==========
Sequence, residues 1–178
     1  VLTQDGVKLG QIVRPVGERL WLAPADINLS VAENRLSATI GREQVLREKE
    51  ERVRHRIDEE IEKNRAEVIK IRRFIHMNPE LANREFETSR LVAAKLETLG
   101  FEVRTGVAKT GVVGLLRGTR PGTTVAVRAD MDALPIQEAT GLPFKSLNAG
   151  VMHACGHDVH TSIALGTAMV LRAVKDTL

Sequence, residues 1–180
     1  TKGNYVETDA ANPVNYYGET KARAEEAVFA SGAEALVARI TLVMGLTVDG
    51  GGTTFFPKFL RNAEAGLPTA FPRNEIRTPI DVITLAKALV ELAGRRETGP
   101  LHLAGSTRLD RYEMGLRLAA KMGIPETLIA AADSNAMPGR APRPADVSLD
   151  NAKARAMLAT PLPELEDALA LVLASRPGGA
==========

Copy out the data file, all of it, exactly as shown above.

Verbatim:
Sequence, residues 1–178
     1  VLTQDGVKLG QIVRPVGERL WLAPADINLS VAENRLSATI GREQVLREKE
    51  ERVRHRIDEE IEKNRAEVIK IRRFIHMNPE LANREFETSR LVAAKLETLG
   101  FEVRTGVAKT GVVGLLRGTR PGTTVAVRAD MDALPIQEAT GLPFKSLNAG
   151  VMHACGHDVH TSIALGTAMV LRAVKDTL

Sequence, residues 1–180
     1  TKGNYVETDA ANPVNYYGET KARAEEAVFA SGAEALVARI TLVMGLTVDG
    51  GGTTFFPKFL RNAEAGLPTA FPRNEIRTPI DVITLAKALV ELAGRRETGP
   101  LHLAGSTRLD RYEMGLRLAA KMGIPETLIA AADSNAMPGR APRPADVSLD
   151  NAKARAMLAT PLPELEDALA LVLASRPGGA